The court will also require written consent by the biological parents. If the child was born in wedlock, the consent of both parents is required. If the child was born out of wedlock, only the mother must consent. If the child is 16 years of age or older, only the child need consent to the adoption. Please note that a child who is 16 years old or older is not considered a “child” by the Immigration and Nationality Act and therefore may be ineligible to immigrate to the United States . Parental consent is not required if the parents have abandoned the child, if the parental rights have been legally terminated, if the parents are deceased or if a legal guardian has been appointed by the court. During the proceedings, the biological parents may withdraw consent, which must be permitted by the court. Consent is irrevocable after the final order of adoption.

Upon receipt of a petition for adoption, the Court schedules a hearing and serves notice on all interested parties. The petitioners or their legal representative, the parent, parents, or guardian(s) of the child and the child are required to attend the hearing, though the court may waive the appearance of the child for good cause. This waiver must be stated in the order of adoption. All hearings are public, and held in open court. The court must be satisfied that the “moral and temporal interests” of the child will be satisfied by the adoption. Upon this showing, the adoption is ordered.

In addition to obtaining a statement of relinquishment from the biological parent or legal guardian of the child being adopted , no adoption decree can be issued without an approved case summary from the Ministry of Health and Social Welfare (MHSW).  A case summary from the   MHSW   is issued only after a social worker has investigated the case thoroughly and concluded that adoption is in the best interest of the child, and the Minister or one of his deputies has reviewed all of the legal paperwork necessary to process an adoption in Liberia .  This requirement has added time to the processing of adoptions, but is in the best interest of all parties, and is strongly endorsed by the Embassy.  The Consular Section of the Embassy will not process any petition to classify an orphan as an immediate relative for the purpose of immigration until the Liberian Ministry of Health has signed off on the adoption.  As with an adoption decree, the amount of time it takes to obtain an approved case summary has been increased pending approval of a revised adoption law.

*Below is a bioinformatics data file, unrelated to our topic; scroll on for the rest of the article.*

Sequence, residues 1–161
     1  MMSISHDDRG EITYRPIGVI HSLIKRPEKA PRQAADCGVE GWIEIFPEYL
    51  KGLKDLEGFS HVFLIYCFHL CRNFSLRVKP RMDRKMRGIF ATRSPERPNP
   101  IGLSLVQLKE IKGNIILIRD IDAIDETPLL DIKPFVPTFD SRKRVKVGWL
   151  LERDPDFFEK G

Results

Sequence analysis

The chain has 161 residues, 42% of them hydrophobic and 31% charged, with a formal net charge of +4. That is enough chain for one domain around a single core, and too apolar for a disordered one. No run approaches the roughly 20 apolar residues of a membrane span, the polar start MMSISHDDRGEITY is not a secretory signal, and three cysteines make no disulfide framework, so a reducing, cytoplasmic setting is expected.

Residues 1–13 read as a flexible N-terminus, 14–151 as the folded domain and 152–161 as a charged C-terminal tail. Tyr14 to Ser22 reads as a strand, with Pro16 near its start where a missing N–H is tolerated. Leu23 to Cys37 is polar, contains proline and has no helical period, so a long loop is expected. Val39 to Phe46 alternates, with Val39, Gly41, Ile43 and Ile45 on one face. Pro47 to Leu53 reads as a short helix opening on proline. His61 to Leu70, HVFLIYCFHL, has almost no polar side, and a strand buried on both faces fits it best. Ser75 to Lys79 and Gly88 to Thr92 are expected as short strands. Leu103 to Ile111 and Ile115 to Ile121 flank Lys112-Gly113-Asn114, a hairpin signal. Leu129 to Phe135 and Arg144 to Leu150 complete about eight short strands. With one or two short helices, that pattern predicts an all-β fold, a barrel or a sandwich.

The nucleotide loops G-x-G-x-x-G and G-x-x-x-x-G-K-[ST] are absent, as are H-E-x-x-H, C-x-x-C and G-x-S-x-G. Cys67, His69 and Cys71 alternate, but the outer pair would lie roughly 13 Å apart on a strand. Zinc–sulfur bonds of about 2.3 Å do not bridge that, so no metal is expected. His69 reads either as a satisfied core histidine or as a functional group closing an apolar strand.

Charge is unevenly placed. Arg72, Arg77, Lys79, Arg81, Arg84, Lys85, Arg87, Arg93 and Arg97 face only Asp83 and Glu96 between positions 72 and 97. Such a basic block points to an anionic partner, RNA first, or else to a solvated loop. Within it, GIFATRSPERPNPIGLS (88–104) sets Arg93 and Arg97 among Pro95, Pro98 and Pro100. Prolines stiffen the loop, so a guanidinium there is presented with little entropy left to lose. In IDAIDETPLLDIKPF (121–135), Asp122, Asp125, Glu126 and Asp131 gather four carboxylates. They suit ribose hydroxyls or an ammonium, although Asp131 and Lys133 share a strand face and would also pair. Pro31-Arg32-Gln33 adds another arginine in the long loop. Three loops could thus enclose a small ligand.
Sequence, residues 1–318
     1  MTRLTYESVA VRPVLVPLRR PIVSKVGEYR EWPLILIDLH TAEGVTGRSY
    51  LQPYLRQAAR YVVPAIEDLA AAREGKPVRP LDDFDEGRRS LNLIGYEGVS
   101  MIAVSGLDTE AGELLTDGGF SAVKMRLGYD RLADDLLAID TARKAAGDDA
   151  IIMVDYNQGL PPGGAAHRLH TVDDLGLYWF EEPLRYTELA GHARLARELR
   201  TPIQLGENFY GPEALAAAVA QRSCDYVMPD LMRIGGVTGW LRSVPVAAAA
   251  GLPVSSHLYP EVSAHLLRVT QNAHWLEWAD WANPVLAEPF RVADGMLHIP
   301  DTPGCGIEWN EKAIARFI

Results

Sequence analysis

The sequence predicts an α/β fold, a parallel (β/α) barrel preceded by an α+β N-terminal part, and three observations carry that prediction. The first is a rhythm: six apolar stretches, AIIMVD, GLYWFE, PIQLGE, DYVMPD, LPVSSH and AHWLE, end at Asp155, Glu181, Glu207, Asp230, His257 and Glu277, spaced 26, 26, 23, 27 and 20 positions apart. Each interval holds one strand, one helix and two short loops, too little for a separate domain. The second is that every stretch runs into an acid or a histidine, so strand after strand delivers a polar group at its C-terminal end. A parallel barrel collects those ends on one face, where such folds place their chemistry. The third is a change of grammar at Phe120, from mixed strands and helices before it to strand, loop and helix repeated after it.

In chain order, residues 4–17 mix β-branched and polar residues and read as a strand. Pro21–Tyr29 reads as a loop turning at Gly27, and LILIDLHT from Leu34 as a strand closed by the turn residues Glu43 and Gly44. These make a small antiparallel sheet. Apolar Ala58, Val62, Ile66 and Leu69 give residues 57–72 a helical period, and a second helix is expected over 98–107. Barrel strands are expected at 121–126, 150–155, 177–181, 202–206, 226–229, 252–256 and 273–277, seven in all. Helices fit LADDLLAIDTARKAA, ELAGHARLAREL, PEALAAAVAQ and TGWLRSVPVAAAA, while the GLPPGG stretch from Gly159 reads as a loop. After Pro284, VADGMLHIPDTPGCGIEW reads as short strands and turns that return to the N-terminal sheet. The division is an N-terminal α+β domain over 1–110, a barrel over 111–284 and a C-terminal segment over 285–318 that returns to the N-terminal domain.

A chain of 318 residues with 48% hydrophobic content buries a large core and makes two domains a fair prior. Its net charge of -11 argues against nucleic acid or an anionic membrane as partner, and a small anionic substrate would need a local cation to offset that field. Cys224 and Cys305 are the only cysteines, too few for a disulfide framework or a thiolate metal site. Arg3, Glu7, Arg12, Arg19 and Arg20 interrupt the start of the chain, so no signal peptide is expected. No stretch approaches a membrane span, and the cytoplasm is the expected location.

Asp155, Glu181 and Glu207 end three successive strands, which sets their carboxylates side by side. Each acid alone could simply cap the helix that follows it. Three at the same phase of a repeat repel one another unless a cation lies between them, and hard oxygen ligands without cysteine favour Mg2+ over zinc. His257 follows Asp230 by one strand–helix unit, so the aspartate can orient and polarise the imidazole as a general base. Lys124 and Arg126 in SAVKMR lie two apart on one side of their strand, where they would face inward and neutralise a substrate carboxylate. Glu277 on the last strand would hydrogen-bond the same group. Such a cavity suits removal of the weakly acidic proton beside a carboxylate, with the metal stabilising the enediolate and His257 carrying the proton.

• Petition for adoption;
  • Written consent of the biological parent(s) to the adoption acknowledged before an officer of the court (normally the Justice of the Peace).  While a letter of consent is all that is required by Liberian Courts, a formal letter of relinquishment, in which the parent(s) or guardian(s) irrevocably relinquish their rights, is required by U.S. immigration law in order to classify an orphan as an immediate relative for purposes of immigration, and this letter can be used to meet the requirements of Liberian law.)

Other documents required by Liberian courts in adoption cases include normal identity documentation, such as a passport and birth certificate.  Prospective adoptive parents will also need these documents to apply for the immigrant visa at the Embassy.

(All information taken from the U.S. Department of State website)


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    Comment by Hailey Bemberry | August 15, 2012 | Reply

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    Comment by lista de emails | August 16, 2012 | Reply

  3. wonderful post, very informative. I wonder why the other experts of this sector don’t notice this. You should continue your writing. I am confident, you’ve a huge readers’ base already!

    Comment by Dek all | August 19, 2012 | Reply

    • Thanks! I am glad that it is helpful to you. Reader base is not huge by any means, but that’s okay!

      Comment by adoptionupdate | August 27, 2012 | Reply